Most folks call me Tucker. I am a writer and a lay theologian. I have a bachelor’s degree in Biblical Studies, though I credit it for very little of my theological knowledge or spiritual formation. Most of what I know and how I think about theology and the Christian faith I credit to my parents, and especially to my dad. Like Polycarp was to the Apostle John, I am the disciple of Paul Tucker.
I grew up overseas, in Europe and several countries in Central and West Africa (not South Africa!). My parents were missionaries with Wycliffe Bible Translators. Both have master’s degrees in linguistics, and my dad is currently in the last stages of finishing his dissertation and completing his Ph.D in a more specialized area of the field of linguistics (perhaps you’ve heard the saying about higher education, that as you progress you learn more and more about less and less, until you know all there is to know about absolutely nothing).
My dad, who is an Old Testament scholar and fluent in both modern and Biblical Hebrew, was Wycliffe’s translation consultant for much of West Africa. He oversaw and checked the accuracy of the work done by many different translation teams into many different African languages. He is currently the Chief Product Officer (CPO) and Vice President of Research and Product Development at a cutting edge language assessment company, and an internationally recognized expert on language assessment. He does impressive things like represent the United States at international summits in China, and other things that I can’t even keep track of. Obviously, he also has much better time management skills than I do.
Far more than anything having to do with my degree, I am a product of my parents’ household.
As I writer, I got my start writing for public consumption as an NBA basketball blogger. I launched and ran what became the largest Lakers blog on these internets not run by ESPN or the LA Times, before handing it off one of the other writers I had recruited so that I could focus on providing for my family and pursuing passions more important to me than sports.
More than anything else, this is that passion.
About This Blog
This is a blog about Christian theology, from a theologically conservative perspective, with a thoughtful, intellectual, rational approach.
I would describe myself as theologically orthodox, except that I’m not sure that orthodoxy necessarily includes an affirmation of modern conservative scholarship—by which I don’t mean Wayne Grudem or the folks at The Gospel Coalition, but rather scholars such as F. F. Bruce, Bruce Waltke, John H. Walton, James P. Martin, N. T. Wright, and of course, the brilliant C. S. Lewis. I see huge problems with liberal theology, starting with the anti-supernaturalist assumptions that underly the whole of liberal theology but that liberal Christians seem unaware of, and continuing with a tendency to emphasize certain aspects of Christian theology while deemphasizing or even disavowing other aspects, along with a perspective that prioritizes and makes normative culture and personal moral sensibilities over and above Scripture and two thousand years of church tradition and scholarship. These are problems that, when carried out to their logical conclusion and practical application, lead the church in a very dangerous direction.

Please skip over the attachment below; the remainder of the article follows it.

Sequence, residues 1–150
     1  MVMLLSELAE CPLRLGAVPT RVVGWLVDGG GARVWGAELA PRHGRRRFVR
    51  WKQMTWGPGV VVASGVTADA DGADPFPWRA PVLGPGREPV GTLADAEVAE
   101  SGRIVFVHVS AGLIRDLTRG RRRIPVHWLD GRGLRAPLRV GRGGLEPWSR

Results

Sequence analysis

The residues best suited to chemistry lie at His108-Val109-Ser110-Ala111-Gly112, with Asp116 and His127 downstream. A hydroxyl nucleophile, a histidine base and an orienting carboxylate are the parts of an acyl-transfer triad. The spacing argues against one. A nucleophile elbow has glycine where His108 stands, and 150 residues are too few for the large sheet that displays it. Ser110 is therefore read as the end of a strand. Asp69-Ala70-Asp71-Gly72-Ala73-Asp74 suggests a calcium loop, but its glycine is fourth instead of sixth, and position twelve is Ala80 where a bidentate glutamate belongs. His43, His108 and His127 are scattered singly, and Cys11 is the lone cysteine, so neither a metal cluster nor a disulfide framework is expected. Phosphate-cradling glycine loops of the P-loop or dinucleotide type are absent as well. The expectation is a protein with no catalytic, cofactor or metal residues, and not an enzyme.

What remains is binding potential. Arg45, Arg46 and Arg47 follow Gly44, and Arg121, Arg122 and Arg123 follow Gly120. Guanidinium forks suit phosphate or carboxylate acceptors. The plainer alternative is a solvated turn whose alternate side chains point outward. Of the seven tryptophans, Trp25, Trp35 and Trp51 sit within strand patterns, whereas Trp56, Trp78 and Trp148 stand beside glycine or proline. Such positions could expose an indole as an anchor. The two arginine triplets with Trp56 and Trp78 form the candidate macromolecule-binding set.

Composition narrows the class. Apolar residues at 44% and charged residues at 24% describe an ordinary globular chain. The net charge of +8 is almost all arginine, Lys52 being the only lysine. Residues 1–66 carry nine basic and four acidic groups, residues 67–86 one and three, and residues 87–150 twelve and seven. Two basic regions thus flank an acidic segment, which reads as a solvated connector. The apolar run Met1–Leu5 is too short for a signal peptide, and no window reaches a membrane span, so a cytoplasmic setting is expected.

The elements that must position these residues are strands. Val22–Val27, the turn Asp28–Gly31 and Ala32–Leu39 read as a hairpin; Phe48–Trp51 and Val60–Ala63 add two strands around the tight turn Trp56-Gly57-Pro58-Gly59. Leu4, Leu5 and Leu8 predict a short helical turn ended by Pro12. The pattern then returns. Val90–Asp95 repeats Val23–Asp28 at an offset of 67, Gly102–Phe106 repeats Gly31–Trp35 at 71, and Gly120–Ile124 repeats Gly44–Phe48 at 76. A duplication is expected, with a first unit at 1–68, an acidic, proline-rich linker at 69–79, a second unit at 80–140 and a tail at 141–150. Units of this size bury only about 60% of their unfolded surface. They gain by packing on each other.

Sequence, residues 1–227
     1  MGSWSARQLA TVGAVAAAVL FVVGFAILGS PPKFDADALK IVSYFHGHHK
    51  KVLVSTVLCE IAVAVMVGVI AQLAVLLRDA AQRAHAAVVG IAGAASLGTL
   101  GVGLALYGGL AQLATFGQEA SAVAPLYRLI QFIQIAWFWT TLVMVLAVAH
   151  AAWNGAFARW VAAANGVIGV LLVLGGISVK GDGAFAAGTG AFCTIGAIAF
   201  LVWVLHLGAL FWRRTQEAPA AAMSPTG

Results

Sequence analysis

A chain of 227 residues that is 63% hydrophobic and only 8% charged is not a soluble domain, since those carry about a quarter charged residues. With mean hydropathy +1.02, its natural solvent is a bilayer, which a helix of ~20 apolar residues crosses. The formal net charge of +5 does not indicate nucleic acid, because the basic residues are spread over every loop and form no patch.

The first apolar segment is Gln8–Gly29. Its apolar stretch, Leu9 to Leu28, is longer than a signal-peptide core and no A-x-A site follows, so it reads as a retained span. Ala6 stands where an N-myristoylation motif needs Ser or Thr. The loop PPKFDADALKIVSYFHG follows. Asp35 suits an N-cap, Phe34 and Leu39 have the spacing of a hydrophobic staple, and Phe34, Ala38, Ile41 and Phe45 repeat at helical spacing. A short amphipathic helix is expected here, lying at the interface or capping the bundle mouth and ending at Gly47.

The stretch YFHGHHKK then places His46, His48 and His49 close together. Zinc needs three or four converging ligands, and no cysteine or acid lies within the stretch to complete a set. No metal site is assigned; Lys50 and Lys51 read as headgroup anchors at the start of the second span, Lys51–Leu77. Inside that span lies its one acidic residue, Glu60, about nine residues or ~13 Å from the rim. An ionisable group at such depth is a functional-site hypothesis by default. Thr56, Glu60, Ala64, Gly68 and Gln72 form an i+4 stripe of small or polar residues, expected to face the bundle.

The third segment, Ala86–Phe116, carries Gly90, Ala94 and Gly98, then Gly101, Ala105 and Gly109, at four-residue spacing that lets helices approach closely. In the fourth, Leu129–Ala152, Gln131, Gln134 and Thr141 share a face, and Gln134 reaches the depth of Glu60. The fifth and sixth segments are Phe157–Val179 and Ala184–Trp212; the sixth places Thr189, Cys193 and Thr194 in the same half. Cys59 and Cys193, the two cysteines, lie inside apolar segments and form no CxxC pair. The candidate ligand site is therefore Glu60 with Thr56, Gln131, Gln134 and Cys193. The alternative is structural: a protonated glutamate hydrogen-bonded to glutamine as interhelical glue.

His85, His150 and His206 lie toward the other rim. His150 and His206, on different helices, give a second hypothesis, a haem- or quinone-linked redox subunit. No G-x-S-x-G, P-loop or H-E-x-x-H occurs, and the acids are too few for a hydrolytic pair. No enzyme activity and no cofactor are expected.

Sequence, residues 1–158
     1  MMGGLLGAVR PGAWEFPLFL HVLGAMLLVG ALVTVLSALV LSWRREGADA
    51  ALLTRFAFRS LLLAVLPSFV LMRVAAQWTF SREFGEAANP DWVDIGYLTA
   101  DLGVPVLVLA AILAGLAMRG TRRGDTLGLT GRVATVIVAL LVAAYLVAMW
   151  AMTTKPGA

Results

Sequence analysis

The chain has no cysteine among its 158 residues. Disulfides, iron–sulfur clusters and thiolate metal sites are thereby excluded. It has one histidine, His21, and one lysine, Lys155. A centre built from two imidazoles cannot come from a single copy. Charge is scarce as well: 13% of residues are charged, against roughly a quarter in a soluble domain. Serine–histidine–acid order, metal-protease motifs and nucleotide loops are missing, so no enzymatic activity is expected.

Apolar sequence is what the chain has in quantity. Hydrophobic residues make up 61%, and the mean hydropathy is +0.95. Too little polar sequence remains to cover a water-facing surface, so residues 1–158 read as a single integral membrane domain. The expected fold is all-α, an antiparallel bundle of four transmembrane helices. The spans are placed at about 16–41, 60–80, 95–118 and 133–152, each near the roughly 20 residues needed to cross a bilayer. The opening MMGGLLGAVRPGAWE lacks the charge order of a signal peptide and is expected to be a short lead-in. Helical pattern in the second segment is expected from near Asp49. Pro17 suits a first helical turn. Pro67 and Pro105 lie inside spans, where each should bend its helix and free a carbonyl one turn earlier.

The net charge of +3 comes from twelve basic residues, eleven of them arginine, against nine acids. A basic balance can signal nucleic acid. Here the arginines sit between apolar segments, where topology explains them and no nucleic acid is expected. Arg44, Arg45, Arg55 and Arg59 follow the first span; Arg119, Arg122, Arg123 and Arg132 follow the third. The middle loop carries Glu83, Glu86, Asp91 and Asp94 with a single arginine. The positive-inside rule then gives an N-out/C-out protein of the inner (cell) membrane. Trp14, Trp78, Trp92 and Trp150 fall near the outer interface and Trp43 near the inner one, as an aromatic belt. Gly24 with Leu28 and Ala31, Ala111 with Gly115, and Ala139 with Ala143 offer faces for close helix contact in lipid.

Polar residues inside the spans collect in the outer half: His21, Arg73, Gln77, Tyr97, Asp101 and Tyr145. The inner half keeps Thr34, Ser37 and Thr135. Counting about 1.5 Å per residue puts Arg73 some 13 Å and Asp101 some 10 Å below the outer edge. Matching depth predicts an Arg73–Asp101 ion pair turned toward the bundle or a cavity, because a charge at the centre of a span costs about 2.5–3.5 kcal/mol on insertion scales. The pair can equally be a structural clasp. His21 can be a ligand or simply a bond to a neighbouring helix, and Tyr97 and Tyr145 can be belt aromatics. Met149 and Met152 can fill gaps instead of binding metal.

And yet, while I tend to arrive at many of the same conclusions as theologically conservative Christians, I often do not arrive at these conclusions by the same means or for the same reasons. Far too often, conservative Christians shy away from, or even explicitly oppose, reason, logic, rational thought, and scientific knowledge. They fear that science contradicts their religion and that reason condemns their faith as irrational, and so they denounce both as “the wisdom of the world,” to which “the wisdom of God” is superior. Somewhere along the way, afraid that the atheists were winning the public debate, we ceded reason to the heathens and humanists, opting instead for phrases like, “You just have to have faith,” and misquotes of 1 Corinthians 1:20-30 and 3:19 about the wisdom of the world being foolishness to God. The result is that brand of closed-minded, spoon-fed, cliché Christian fundamentalism that many of you are probably all too familiar with.
I could not be more opposed to this anti-intellectual Christianity. I will not check my brain in the foyer. Not only do I think that faith and reason can interact, but I am a Christian precisely because I think that it is unequivocally and by far the most reasonable choice. The Christian faith not only can but should be approached intellectually and rationally.
So what you will find here is a thoughtful, open-minded, intellectual, rational, and well-reasoned approach to conservative theology.